Since our Shima Onsen Kashiwaya Ryokan is a tattoo-friendly onsen ryokan, people with tattoos can bathe in all of the available onsens without hindrance.
However, many Japanese onsen spots and bathhouses still forbid entry to those with tattoos, and there are not so many tattoo-friendly onsens.
Will the time come for more and more onsens to cater to people with ink, and will the phrase “tattoo-friendly onsen” itself become obsolete?
In Japan, there is still a stigma attached to those with tattoos because many criminals and anti-social forces had tattoos in the past. As is seen in old Japanese traditional customs, there is an old-age association of people with ink with criminals and anti-social groups.
I wrote about it in my previous article( Are people with tattoos allowed in onsen? ), so I’d be happy if you referred to it.
On the other hand, Japanese bathing culture has long been established where you can take a large bath with others at an onsen or a bathhouse.
In Japan, the word “hadaka-no-tsukiai,” or “naked relationship” in English, means being able to talk and have a close relationship with others at an onsen or a bathhouse. The bath is a place to have excellent communication and functions as a semipublic place.
Because of tattoos marking nefarious elements in Japanese society, they aren’t suitable for these bathhouses as they cannot cater to people with tattoos. For that reason, a large number of onsen ryokans, day-trip onsen facilities, and bathhouses typically have a “no tattoos allowed” policy.
Unfortunately, as of 2019, the number of tattoo-friendly onsens is still limited.
However, times are changing significantly.
Since the beginning of the 21st century, the number of travellers visiting Japan from other countries has increased rapidly due to the effects of our national policies. Previously, the number was just under five million a year, but now it is over thirty million annually and has been continuing to rise.
Their purposes for travelling Japan are varied, such as Japanese food, visiting scenic spots, shopping, etc. Bathing in an onsen is also one of the biggest reasons.
Inevitably, the “no tattoos allowed” policy becomes a significant problem for travellers.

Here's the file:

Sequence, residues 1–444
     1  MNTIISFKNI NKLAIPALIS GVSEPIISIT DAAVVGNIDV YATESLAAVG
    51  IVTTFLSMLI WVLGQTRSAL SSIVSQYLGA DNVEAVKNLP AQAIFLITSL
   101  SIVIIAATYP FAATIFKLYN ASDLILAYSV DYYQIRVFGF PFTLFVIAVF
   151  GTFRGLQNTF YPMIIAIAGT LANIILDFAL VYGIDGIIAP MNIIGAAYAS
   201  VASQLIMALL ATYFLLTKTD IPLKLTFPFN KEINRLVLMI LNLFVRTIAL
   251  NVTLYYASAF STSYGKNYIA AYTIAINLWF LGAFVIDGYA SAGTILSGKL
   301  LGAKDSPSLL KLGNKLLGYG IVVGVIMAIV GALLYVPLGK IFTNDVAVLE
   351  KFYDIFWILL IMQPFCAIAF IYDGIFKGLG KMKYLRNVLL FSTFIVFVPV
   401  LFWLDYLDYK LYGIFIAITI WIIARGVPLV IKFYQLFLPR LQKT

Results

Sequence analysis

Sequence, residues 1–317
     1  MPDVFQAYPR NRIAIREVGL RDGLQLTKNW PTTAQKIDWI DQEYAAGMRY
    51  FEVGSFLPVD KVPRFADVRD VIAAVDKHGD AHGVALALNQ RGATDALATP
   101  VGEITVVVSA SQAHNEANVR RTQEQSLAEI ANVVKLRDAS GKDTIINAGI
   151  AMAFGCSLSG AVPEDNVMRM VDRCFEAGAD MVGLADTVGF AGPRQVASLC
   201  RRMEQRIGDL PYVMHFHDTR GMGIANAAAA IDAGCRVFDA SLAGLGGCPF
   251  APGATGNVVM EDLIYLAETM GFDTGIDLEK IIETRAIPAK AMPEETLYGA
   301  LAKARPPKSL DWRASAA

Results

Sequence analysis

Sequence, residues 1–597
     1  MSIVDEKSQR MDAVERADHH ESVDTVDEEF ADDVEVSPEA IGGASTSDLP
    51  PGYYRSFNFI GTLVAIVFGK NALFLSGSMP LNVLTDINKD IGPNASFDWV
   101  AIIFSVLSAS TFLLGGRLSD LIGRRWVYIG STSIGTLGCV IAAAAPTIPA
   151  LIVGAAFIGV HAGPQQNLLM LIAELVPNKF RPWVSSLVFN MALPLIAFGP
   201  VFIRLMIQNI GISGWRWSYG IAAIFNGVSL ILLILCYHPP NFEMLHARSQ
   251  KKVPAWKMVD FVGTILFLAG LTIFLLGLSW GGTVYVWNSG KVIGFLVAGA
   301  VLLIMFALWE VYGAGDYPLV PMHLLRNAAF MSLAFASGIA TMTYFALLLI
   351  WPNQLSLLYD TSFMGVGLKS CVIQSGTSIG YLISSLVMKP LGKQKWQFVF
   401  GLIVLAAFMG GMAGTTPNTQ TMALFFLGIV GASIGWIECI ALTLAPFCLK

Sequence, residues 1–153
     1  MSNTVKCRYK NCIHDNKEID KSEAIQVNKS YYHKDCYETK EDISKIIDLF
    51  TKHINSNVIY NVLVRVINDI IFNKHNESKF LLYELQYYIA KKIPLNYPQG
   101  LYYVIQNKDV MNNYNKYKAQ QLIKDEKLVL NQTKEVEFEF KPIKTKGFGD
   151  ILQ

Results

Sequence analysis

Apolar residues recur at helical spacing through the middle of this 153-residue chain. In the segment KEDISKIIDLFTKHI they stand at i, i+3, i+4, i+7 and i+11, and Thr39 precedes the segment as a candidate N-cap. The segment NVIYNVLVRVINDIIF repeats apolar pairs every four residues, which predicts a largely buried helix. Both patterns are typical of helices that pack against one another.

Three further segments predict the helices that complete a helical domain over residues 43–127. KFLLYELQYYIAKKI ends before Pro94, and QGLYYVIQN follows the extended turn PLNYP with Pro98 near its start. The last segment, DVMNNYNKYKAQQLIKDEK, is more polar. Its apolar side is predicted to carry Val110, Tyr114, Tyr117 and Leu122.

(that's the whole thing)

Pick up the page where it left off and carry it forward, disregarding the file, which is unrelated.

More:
So, people discuss it on forums of travel-related websites, such as Lonely Planet and TripAdvisor. “I have tattoos, but can I still enjoy Japanese onsen?” and so on.
The Rugby World Cup was held in Japan this year (2019) and was the first Asian nation ever to hold the World Cup. A lot of leading rugby teams have many athletes who have tattoos as a part of their traditional culture, so the organisation that supervised the competition encouraged the athletes to hide their tattoos in public places. It gained prominent attention as a symbol of cultural conflict. You can find many related articles when you search the phrase “rugby tattoo.”
Many athletes have tattoos, not only rugby players but also other sports players. In preparation for the Tokyo Olympics, which will be held next year (2020), the Japanese government is trying to increase the number of foreign tourists as a significant national policy. We must solve the tattoo problem in onsens urgently.
Unlike the time when most of the onsen spots accommodated mainly Japanese people, now it is time for onsens to relax their policies regarding their clients’ ink to adapt more onsen lovers coming in from all around the globe to seek Japanese onsens.
Otherwise, I am genuinely concerned that our world-famous Japanese onsen culture will close its doors to the world, and only Japanese people will be able to enjoy it.
According to a survey conducted in 2015 by the Japan Tourism Agency, only 30% of onsens and bathhouse facilities were unconditionally tattoo-friendly. I heard that the number has been improving these days.
I strongly hope that “tattoo-friendly onsens” will become the norm in the next few years and this phrase will become obsolete.
Lastly, I will introduce tattoo-friendly onsen ryokans, and so on.